• We received a question about AMS and insurance as it pertains to the Annapurna Circuit. AMS (Acute Mountain Sickness) is caused by reduced air pressure and lower oxygen levels at higher altitudes. Your body can adjust and adapt to higher altitude, but it needs time. Doctors recommend that you sleep three nights around 3,500 meters before ascending further. They also recommend that above 3,500 meters, you only sleep 500 meters above where you slept the previous night. If you don’t feel well (nausea, dizziness, headaches, etc...), you’re supposed to descend to the last place you felt well. Slide right to see AMS Symptoms.  Apart from slow ascension, it’s important to avoid alcohol. In Manang, during the trekking seasons, there’s a medical facility staffed with western doctors. They conduct a free daily talk about acclimatization and how to recognize and respond to various symptoms of AMS. Definitely attend this session. In terms of our personal experience, most people we met experienced some degree of AMS - some at 2,500 meters, while others only at the pass. It’s common to take diamox (Acetazolamide) to help your body adjust to the altitude gain. Unlike ibuprofen, it doesn’t mask the symptoms of AMS, it actually prevents and reduces the symptoms. Consult your doctor about diamox usage, before you go on your trek. Re: insurance, you absolutely need it!!!!
  • Let’s talk about food on the Annapurna Circuit. The main staple food is Dal Baht, a traditional meal consisting of steamed rice, lentil soup (dal), curried vegetables, and pickles. We ate dal baht daily, sometimes twice. With free refills, it’s the best thing to eat when you’re hungry. Most menus also offer curries, momos (dumplings), fried noodles and rice, thukpa (Tibetan noodle soup) as well as pizza, pasta and various soups. There are also bakeries that serve excellent cakes, crumbles and pastries. We’re going to wrap up our Annapurna Circuit posts, so let us know if you have any questions about the trek. #dalbahtpower #dalbahtpower24hour #hikeforfood
  • Annapurna Circuit Days 22 & 23: Tatopani - Ghorepani - Hile - Nayapul. Our final days of the trek were marked by stairs, leeches, mule caravans, water buffalo and good food. Though mountain views were seldom, we saw beautiful terraced fields and hiked through verdant rainforest. The final stretch was a never-ending staircase descent that was physically and mentally taxing. When the trail intersected with the dusty road just after Hile, we opted for a Jeep to Nayapul. At Nayapul, we grabbed a local bus to Pokhara. Shortly after getting on the bus, it stopped. Our fellow bus riders explained that we’d be here for 1.5 hours, because of road construction. We chatted with a few locals, who shared their views on their government, its rampant corruption, and their personal struggles. We arrived in Pokhara at 8 pm, after an enlightening and bumpy journey.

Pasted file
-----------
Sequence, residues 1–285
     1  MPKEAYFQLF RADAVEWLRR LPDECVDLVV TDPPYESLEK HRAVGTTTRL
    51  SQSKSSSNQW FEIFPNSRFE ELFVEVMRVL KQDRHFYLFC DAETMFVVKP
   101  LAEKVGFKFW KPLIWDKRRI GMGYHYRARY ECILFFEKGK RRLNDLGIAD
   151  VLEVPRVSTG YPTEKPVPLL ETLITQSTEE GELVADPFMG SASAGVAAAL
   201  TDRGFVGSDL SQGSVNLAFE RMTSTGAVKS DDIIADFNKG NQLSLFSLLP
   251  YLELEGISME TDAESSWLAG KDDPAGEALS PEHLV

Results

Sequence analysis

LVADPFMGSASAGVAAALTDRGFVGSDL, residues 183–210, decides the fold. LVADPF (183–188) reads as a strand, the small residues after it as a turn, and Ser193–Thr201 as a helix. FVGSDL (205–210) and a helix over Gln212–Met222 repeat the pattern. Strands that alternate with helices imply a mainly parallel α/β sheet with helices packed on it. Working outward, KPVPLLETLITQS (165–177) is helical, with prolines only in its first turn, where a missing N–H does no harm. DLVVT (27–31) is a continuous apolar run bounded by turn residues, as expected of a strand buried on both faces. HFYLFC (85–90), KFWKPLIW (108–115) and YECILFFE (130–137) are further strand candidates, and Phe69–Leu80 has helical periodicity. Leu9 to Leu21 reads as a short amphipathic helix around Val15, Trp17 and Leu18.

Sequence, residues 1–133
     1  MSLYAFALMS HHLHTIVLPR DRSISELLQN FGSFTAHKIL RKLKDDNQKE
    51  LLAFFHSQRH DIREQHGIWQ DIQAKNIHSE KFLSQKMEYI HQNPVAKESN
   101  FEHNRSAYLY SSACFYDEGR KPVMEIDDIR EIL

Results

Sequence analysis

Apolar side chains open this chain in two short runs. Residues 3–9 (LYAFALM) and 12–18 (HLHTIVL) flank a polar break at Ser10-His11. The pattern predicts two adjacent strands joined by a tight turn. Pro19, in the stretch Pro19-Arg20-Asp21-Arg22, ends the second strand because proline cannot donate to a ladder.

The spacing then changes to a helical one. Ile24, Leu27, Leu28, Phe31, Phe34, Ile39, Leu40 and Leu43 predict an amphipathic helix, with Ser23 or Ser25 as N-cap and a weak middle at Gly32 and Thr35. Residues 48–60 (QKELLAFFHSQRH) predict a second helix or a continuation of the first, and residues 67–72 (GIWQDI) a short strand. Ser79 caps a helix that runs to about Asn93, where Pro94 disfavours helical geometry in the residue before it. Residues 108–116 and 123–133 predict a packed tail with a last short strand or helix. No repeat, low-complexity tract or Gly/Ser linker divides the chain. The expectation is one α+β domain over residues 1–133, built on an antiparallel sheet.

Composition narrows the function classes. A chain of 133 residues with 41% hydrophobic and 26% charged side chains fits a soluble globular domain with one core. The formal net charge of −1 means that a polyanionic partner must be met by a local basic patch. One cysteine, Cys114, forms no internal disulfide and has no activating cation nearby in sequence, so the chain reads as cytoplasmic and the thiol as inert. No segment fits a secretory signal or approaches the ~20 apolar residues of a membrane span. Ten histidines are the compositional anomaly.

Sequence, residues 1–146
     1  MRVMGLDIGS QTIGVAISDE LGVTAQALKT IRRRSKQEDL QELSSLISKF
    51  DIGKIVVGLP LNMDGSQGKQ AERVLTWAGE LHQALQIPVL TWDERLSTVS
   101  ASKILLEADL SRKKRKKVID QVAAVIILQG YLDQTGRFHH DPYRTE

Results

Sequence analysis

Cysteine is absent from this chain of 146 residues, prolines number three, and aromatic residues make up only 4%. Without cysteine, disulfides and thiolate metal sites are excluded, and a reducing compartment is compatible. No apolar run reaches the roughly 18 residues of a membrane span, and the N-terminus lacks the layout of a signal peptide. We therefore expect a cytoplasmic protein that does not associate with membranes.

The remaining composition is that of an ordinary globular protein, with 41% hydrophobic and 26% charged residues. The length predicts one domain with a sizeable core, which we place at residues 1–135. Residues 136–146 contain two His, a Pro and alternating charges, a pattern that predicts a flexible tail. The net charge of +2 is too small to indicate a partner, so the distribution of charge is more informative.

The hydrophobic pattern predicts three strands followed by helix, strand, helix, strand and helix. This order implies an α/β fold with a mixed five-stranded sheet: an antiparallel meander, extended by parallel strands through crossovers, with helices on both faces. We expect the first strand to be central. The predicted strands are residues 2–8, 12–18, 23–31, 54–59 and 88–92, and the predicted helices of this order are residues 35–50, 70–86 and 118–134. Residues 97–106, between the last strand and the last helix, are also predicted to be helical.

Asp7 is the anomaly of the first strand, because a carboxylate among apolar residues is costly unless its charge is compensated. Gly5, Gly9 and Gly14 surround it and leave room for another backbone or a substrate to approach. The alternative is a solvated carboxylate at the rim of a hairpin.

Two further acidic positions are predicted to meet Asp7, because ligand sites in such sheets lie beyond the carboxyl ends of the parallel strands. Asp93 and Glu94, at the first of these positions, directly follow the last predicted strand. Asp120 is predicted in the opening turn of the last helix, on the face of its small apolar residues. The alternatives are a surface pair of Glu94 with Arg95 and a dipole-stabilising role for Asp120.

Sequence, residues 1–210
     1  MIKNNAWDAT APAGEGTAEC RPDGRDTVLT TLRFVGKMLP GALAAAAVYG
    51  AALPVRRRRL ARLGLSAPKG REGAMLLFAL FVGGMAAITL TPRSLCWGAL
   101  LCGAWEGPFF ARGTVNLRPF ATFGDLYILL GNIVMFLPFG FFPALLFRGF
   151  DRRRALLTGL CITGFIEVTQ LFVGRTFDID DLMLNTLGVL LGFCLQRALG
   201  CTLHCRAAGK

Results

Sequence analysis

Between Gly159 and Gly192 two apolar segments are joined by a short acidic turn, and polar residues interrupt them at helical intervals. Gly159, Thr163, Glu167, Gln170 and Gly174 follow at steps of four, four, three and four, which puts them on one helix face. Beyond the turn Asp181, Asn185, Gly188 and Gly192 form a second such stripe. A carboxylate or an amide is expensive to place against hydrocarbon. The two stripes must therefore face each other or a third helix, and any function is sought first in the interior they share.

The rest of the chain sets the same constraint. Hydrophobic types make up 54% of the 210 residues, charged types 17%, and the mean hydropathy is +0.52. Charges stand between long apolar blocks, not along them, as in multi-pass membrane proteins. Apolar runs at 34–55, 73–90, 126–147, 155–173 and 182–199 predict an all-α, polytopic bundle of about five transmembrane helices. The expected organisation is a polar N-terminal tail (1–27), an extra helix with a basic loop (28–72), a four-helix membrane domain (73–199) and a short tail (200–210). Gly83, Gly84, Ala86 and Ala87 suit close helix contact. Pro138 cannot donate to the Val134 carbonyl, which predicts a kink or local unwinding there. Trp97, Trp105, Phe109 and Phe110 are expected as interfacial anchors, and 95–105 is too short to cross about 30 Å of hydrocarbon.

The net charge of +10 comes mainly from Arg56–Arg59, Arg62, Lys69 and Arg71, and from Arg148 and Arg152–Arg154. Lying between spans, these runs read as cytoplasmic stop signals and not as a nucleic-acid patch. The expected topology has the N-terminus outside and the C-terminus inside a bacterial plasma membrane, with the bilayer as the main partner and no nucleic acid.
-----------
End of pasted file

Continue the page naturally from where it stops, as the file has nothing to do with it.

• Annapurna Circuit Day 21: Kalopani to Tatopani. We started hiking at 6:15 am, because we were determined to end our day in the natural hot springs of Tatopani. When we reached the town in the late afternoon, people were still recovering from a landslide. Unfortunately, a few homes and lodgings were demolished. Some trekkers even lost their belongings in the landslide. When we soaked in the warm springs, a friendly Nepali family (who were touring the region) asked us where we were from, if we could swim and whether we liked Nepal. Their 12 year old daughter was really excited to speak English and shared her career (science) and travel aspirations (visit a developed country).
  • Annapurna Circuit Days 19 & 20: Kagbeni - Marpha - Kalopani. Most of the trail followed the riverbed Of Kali Gandaki. The wind picked up with a vengeance and funneled down the valley, making this part of the trek dusty and miserable. We understood why most people opted for a jeep or bus to their next destination. After lunch in Jomsom, we walked another 1.5 hours to the beautiful town Marpha, where we spent the night. Each stone building is painted white and all the wooden door and window frames are painted burgundy. The streets are immaculate - barely any mule, horse and ox poo. After a night in Marpha, we headed to Kalopani. We followed the forest trail on the east side of the river almost all the way. Only a few parts of the path were washed out. Luckily, the trail was sheltered mostly from the wind. Photos of Marpha.